Vancouver FC, which will miss the Canadian Premier League playoffs, is the unlikeliest of hot teams. VFC has won its last two games and three of its past four entering Saturday’s B.C. derby against Pacific FC at 2 p.m. at Starlight Stadium.
Third-place PFC has clinched a post-season berth but still has all to play for with two games remaining as it targets second place behind regular-season champion Cavalry FC of Calgary and a more favourable route through the five-team Page playoff system the CPL is utilizing.
“We can stop other teams’ dreams,” said Vancouver FC defender Kadin Chung.
“Once we missed the playoffs, we wanted to build something for the start of next year. There is still something for us to play for, like staying out of the bottom. And it’s a derby match which is also a lot to play for.”
Not to mention a lot to play for personally for former PFC players Chung, Alejandro Diaz and goalkeeper Callum Irving, now with the VFC Eagles.
“These [Tridents] are old teammates of mine and guys I like and respect,” said Chung, who was the first signee in PFC club history, and who made it to a season in MLS with Toronto FC.
“You’re always thinking about that when playing an old club. But that goes away once the whistle blows.”
There will be plenty of time to commiserate about old times, including the 2021 league championship with PFC, following the final whistle.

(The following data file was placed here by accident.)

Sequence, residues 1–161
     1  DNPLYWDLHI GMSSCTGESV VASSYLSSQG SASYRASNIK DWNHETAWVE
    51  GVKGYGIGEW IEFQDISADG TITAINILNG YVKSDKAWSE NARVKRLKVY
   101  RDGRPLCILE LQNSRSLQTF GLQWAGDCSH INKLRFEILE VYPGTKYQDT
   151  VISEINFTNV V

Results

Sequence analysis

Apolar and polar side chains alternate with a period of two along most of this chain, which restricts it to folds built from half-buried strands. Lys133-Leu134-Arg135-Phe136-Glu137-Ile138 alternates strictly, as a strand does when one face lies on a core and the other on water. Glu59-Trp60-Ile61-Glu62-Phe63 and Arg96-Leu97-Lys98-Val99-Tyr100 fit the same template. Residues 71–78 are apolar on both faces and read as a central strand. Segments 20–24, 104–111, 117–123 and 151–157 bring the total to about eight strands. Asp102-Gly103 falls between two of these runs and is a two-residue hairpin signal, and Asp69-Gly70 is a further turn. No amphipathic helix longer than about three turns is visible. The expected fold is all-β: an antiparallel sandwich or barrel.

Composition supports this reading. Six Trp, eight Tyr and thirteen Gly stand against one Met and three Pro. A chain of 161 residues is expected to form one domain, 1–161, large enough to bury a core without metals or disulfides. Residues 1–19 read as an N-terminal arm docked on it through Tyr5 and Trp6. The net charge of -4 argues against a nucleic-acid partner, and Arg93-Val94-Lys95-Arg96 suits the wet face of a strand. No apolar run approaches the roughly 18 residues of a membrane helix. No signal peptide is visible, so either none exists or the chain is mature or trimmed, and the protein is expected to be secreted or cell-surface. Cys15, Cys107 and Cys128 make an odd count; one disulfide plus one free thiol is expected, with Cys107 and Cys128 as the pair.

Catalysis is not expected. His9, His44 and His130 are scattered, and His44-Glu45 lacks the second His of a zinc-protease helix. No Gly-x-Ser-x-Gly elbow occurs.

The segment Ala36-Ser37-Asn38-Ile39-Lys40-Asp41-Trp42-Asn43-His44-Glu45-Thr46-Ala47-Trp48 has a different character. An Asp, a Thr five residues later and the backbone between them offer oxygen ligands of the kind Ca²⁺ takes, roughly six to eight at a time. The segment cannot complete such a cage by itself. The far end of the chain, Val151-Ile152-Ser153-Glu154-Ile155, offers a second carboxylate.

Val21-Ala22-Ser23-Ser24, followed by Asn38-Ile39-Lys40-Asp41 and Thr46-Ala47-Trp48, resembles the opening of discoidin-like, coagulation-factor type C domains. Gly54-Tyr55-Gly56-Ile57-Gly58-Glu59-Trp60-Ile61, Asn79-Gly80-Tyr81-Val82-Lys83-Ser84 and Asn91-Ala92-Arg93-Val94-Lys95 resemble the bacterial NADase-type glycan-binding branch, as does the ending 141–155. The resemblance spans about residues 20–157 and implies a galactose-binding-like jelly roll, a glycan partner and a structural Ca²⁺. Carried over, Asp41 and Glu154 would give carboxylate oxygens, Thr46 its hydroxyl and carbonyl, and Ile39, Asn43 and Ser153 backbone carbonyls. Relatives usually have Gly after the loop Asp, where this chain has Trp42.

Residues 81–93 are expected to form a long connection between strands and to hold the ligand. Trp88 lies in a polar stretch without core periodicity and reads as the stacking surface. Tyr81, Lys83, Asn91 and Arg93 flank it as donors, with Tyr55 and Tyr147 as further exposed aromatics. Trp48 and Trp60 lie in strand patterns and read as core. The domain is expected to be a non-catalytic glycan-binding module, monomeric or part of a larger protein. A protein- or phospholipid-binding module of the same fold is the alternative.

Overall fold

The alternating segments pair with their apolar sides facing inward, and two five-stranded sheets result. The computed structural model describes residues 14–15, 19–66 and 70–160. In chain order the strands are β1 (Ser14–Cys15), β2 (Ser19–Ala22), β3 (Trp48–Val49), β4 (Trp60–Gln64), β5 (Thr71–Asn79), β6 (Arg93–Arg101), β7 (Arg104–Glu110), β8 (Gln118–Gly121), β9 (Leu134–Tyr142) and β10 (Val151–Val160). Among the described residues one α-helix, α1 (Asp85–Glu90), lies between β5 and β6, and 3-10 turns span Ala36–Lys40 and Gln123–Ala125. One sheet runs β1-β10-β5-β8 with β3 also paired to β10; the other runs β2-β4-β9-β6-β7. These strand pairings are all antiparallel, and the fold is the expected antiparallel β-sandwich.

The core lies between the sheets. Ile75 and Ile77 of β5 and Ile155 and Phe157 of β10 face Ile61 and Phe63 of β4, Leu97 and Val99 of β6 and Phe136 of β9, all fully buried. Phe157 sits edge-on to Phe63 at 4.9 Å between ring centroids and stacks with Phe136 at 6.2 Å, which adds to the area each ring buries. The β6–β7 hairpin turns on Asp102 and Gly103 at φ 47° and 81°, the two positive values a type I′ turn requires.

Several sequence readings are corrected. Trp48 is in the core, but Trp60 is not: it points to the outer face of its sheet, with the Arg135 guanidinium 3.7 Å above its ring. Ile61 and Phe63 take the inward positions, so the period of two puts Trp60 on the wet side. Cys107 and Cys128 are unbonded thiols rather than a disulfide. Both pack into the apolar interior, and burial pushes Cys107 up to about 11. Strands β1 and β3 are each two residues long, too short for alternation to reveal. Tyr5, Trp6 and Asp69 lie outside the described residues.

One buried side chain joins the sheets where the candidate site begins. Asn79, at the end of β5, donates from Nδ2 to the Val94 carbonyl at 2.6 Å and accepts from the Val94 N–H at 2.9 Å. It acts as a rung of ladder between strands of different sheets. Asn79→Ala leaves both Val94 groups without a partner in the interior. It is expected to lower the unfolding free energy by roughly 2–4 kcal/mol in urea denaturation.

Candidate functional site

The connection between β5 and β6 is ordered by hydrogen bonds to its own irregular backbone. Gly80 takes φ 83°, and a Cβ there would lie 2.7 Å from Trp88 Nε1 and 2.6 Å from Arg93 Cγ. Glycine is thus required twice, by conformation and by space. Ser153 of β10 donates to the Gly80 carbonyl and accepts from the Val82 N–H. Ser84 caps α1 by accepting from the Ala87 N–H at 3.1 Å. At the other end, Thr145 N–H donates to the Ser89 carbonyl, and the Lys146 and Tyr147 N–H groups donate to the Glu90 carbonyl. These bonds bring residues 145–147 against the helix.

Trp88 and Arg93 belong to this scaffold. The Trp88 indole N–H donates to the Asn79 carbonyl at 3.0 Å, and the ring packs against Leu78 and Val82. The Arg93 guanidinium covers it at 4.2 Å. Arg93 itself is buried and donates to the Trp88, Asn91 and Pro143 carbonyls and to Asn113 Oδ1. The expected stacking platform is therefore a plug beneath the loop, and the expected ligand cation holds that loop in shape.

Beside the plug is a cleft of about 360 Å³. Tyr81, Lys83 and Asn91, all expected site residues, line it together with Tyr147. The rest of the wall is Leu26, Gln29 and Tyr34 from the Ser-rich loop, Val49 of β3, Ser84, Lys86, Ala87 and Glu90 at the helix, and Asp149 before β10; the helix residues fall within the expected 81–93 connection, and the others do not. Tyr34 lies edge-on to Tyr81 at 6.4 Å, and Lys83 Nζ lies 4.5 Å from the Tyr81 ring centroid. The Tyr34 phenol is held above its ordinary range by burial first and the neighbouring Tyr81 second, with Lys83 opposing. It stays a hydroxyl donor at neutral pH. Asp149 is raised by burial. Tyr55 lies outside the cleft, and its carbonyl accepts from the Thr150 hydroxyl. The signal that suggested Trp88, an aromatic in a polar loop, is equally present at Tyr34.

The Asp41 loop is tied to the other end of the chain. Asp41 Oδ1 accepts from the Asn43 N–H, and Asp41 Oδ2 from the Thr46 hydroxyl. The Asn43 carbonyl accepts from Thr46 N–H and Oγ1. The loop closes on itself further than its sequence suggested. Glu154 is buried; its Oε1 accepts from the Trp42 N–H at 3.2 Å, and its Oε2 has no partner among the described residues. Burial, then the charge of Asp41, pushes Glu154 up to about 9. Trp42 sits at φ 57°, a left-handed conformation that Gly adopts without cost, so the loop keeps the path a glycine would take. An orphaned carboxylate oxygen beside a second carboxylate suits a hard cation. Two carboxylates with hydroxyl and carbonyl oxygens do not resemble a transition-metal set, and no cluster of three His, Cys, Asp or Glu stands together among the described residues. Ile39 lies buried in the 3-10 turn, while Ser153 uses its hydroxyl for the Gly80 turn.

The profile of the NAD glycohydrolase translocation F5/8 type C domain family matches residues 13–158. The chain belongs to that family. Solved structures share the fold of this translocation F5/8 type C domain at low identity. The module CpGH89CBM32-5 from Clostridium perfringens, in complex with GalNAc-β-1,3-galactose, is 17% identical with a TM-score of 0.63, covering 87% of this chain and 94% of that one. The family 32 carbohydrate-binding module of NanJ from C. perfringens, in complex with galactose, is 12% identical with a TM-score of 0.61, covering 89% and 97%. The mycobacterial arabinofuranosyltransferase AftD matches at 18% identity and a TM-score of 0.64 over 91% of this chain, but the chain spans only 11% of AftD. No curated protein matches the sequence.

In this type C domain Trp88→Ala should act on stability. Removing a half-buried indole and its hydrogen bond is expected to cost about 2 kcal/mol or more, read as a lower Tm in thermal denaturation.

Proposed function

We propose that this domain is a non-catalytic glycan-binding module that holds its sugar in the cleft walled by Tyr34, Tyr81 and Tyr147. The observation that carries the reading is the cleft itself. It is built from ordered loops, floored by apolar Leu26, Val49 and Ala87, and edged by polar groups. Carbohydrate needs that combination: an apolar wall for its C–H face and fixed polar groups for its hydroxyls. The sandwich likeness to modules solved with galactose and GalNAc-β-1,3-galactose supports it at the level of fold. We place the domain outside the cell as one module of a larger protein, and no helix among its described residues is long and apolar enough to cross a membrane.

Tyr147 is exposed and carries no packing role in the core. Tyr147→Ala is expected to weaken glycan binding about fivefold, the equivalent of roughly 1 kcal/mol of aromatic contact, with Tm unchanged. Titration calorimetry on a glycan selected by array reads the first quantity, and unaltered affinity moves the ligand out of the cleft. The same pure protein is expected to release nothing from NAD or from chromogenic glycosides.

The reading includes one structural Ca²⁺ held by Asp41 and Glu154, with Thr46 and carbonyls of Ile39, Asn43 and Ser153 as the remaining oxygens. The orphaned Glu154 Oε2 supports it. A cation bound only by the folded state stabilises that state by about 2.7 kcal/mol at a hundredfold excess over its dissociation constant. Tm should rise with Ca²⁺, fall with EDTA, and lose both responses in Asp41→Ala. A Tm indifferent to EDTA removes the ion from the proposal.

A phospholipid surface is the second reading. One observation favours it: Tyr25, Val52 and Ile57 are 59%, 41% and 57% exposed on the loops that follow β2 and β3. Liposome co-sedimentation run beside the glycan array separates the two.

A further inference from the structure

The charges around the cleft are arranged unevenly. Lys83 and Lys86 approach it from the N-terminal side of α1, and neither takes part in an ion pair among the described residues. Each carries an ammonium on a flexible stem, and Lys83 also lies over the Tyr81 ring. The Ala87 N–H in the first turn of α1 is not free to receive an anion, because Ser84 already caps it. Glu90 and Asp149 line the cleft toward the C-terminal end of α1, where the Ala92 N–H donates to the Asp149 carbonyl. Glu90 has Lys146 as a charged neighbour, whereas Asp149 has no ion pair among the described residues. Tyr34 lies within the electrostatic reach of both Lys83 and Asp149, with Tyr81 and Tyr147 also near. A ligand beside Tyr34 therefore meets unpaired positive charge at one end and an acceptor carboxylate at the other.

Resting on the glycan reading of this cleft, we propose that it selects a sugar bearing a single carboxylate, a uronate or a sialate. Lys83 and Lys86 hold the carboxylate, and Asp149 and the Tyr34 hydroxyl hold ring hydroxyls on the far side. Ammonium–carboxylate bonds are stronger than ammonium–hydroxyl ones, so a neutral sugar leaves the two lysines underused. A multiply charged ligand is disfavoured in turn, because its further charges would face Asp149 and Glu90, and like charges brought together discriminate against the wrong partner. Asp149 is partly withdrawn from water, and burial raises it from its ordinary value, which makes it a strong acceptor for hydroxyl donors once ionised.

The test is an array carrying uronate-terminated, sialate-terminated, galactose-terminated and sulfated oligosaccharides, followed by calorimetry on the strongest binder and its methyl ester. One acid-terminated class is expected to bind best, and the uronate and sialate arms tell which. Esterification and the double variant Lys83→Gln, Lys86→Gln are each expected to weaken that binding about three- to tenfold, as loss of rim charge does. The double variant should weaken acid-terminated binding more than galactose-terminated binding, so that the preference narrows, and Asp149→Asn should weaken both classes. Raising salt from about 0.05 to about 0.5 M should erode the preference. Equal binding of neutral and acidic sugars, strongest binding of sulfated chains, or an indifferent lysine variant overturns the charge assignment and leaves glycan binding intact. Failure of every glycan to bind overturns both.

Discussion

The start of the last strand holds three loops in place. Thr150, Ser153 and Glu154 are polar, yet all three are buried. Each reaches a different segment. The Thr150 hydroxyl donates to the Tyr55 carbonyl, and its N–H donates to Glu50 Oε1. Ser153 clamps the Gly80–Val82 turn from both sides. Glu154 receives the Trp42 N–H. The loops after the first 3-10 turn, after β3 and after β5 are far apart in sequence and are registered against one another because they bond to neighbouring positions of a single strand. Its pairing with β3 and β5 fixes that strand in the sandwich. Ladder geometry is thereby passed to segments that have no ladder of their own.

“These were important players in our club and part of our championship and I have a lot of respect for these guys,” said PFC head coach James Merriman.
Chung, Diaz, Irving have nothing to lose any more this season and can play with abandon, something that makes Merriman wary: “They are not going to the playoffs and can play more freely, and that makes teams dangerous.”
VFC head coach Afshin Ghotbi said his Eagles just ran out of time: “It’s fantastic to see how they’ve grown. It’s better late than never. It’s sad it’s going to end soon. I wish we had 28 more games. At this point in my life, every game is a gift.”
VFC made its debut this year as an expansion franchise and entrusted the inaugural season to veteran mentor Ghotbi, who has coached in eight countries including as head coach of Iran, and been on the coaching staff at three World Cups with the U.S. in 1998 and South Korea in 2002 and 2006.
“This was one of the most difficult projects of my career, starting a team from scratch,” he said.
“You can see the progress the team is making. We are in a good place and peaking. Unfortunately, the season is ending.”
But Ghotbi sees good things not only for the future of VFC and the Eagles-Tridents derby but Canadian soccer as a whole: “There is tremendous potential in the CPL because of the talent in Canada. As it gets closer to co-hosting the World Cup in 2026, that will become more evident. I saw it with USA 1994 and South Korea 2002. I believe all the ingredients are there. Soccer is going to take over the Canadian sports scene.”
CORNER KICKS: PFC’s all-over-the-pitch and ever-hustling non-stop engine, Kunle Dada-Luke, has gone through the concussion protocols and been medically cleared following last week’s frightening collision in the 3-1 loss to Forge FC at Tim Hortons Field in Hamilton. But don’t look for him in action today. “Kunle has had a great recovery but I’m not sure we want to risk it this quickly,” said Merriman.